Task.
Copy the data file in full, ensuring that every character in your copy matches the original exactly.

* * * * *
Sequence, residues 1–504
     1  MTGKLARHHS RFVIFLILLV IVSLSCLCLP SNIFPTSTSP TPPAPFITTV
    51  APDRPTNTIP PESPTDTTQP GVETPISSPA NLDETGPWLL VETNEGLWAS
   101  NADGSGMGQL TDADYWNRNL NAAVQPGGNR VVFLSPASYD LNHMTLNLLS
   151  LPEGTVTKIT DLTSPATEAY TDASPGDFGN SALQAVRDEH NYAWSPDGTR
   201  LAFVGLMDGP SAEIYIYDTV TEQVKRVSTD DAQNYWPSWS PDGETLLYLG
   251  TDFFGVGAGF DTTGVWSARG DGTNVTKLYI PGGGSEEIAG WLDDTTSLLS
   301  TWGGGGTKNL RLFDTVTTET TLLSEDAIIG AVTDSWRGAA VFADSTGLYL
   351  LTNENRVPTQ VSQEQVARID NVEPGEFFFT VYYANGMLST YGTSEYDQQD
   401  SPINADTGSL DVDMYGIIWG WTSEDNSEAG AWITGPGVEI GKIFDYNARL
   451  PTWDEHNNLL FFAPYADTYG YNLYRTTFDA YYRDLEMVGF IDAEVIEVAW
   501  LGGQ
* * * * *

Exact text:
Sequence, residues 1–504
     1  MTGKLARHHS RFVIFLILLV IVSLSCLCLP SNIFPTSTSP TPPAPFITTV
    51  APDRPTNTIP PESPTDTTQP GVETPISSPA NLDETGPWLL VETNEGLWAS
   101  NADGSGMGQL TDADYWNRNL NAAVQPGGNR VVFLSPASYD LNHMTLNLLS
   151  LPEGTVTKIT DLTSPATEAY TDASPGDFGN SALQAVRDEH NYAWSPDGTR
   201  LAFVGLMDGP SAEIYIYDTV TEQVKRVSTD DAQNYWPSWS PDGETLLYLG
   251  TDFFGVGAGF DTTGVWSARG DGTNVTKLYI PGGGSEEIAG WLDDTTSLLS
   301  TWGGGGTKNL RLFDTVTTET TLLSEDAIIG AVTDSWRGAA VFADSTGLYL
   351  LTNENRVPTQ VSQEQVARID NVEPGEFFFT VYYANGMLST YGTSEYDQQD
   401  SPINADTGSL DVDMYGIIWG WTSEDNSEAG AWITGPGVEI GKIFDYNARL
   451  PTWDEHNNLL FFAPYADTYG YNLYRTTFDA YYRDLEMVGF IDAEVIEVAW
   501  LGGQ